Here's a great article about Atlanta Braves pitching coach Roger McDowell. He learned pitching mechanics by throwing rubber balls against a wall. Interesting. It's long (sorry!). -SE
What makes Roger tick?
McDowell brings different personality, philosophy to Braves
By STEVE HUMMER
The Atlanta Journal-Constitution
Published on: 02/15/06
Preceding Roger McDowell into town were so many stories of lowbrow high-jinks that surely the Braves had hired him to work Tooner Field, not the main stage. And wasn't it only a matter of time before he gave Scooby Doo a hot foot?
That's nothing. (No, really, the practical joking is nothing).
More important, did you know the fellow brought here to oversee the Braves' precious pitching legacy learned much, if not quite everything, he ever needed to know throwing a rubber ball against a brick wall? McDowell has yet to find an instructional technique quite so valuable as an afternoon spent pitching to a strike zone your father painted on the face of your apartment complex.
Much of McDowell's first childhood was spent in that manner, idling the summer days away waiting for Herbert McDowell to get home from the Post Office and hit him a few grounders.
That was suburban Cincinnati in the early 1970s, a good time and place to be a kid in love with baseball. A painted "T" on the parking lot could substitute for the pitching rubber, and there were whole rosters of imaginary major leaguers to strike out.
"I got to work a lot just throwing that rubber ball against the wall," recalled the Braves new pitching coach. "I worked on throwing strikes, my ability to field the ball when it came back to me, making sure I was square to the plate."
This was no East Cobb upbringing. The youngest of four children raised on a civil servant's pay — and ultimately the first in the family to go to college on a baseball ride to Bowling Green — McDowell didn't get a lot of high-falootin' private instruction/velocity training. His father, who died in 1988, laid down the basics. And the kid did the rest through hundreds of non-billable hours out back, just him a rubber ball and a target.
"He wasn't really mechanics oriented. I kind of figured it out by myself," McDowell said.
Before he left his California home for the Braves early throwing program in Atlanta, McDowell studied game tape of his new pupils. He also dragged out an old Sports Illustrated how-to-pitch book that he had as a kid, just to remind himself of the basics. Clearly, in developing a working philosophy, he wanted to marry the convenience of technology with the simplicity of those long-ago days of throwing a rubber ball against a brick wall.
Nobody much wants to talk about the finer points of McDowell's journey to the upper reaches of the Braves organizational chart. It's just too much fun recounting his days as a clubhouse jester with five teams over 12 major league seasons — most notably the Mets and Dodgers. When a man masters the hotfoot and gets known for wearing his uniform pants on his head and his cleats on his hands, the serious details of a life tend to get obscured.
But McDowell is a quieter 44 now, and a guy doesn't make a rapid ascent from minor league pitching instructor to one of the elite coaching positions in the Bigs without being seriously grounded.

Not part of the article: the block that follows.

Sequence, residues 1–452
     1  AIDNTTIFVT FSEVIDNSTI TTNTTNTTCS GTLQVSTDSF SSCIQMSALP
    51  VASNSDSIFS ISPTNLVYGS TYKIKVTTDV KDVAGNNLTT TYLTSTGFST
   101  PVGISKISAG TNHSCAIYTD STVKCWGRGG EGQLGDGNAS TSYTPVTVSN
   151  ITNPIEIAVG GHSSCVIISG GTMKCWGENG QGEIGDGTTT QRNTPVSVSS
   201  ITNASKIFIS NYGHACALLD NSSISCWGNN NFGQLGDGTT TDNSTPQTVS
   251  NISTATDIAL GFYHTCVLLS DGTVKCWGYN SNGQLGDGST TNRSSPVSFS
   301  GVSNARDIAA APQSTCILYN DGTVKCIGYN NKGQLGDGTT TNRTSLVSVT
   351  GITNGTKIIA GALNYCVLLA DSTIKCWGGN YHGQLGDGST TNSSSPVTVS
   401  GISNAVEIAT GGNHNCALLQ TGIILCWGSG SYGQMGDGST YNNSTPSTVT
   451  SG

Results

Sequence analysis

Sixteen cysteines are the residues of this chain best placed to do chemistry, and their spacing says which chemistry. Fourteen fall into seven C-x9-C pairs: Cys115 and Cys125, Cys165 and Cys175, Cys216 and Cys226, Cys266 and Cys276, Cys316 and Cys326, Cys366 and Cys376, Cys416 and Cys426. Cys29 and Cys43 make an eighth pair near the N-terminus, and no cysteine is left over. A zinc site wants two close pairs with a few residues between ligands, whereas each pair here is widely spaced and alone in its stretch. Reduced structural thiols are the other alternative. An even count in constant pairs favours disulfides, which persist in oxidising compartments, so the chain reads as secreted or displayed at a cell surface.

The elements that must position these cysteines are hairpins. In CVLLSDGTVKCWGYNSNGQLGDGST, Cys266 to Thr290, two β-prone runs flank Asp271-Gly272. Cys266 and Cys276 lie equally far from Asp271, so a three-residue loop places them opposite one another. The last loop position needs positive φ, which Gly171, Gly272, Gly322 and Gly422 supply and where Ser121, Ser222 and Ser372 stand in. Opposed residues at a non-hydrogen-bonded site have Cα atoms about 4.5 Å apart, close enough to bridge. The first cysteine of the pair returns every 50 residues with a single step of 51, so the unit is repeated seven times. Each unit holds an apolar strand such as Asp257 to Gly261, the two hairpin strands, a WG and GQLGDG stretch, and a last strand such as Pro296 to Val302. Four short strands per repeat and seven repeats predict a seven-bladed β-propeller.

And besides: "Roger is so bright and so sharp, I hope he keeps the other side to him," said his new boss, Bobby Cox. "I like that because that helps through a grueling season to have a little bit of humor. But he has a big-time serious side to him and he's very serious about this job. He's an extremely impressive individual."
McDowell himself wondered if his past would prevent those in baseball from taking him seriously when it came time to hire.
"That was somewhat of a concern," he said. "The type of individual I hope I am, the type of character that I have, what I did as a player, what I do as a coach, I take very seriously. The other stuff is a by product. It (the flakey reputation) comes up, but people see there is a little more substance than what is sometimes portrayed."
Granted, there isn't much funnier than setting a man's shoes on fire or mooshing him in the face with a shaving cream pie. But the opening that occurred when Leo Mazzone, the rocking Rasputin of the pitching arts, left for Baltimore was a particularly grave one. It required someone who could handle the demands of taking over an outfit that had been No. 1 or 2 in ERA in the majors 12 of the past 14 seasons. And it demanded a personality capable of dealing with a staff in constant transition and growing younger all the time.
McDowell didn't slip a whoopee cushion beneath John Schuerholz or hand Cox an exploding cigar when it came time to interview. Instead, accompanied by a strong set of recommendations, he blew away the Braves brass. The GM had a working list of 23 candidates for the position, but Cox suggested there was no need to talk to anyone else. They had their man.
With no major league coaching experience — McDowell began coaching with the Dodgers four years ago, promoted to Triple A Las Vegas two seasons ago — he was hired eight days after Mazzone departed. His first impression was a knockout.
As Dan Evans, the man who nudged McDowell into coaching, said, "Some people you just have a gut feeling for."
It seems every year the Braves have big questions in the bullpen to go along with the general foreboding that the division-winning streak is due to go the way of Eastern. This one is no different. McDowell represents another big shift in team dynamics. If these pitchers suddenly forget how to get people out, the new coach is going to be in for some serious outrage.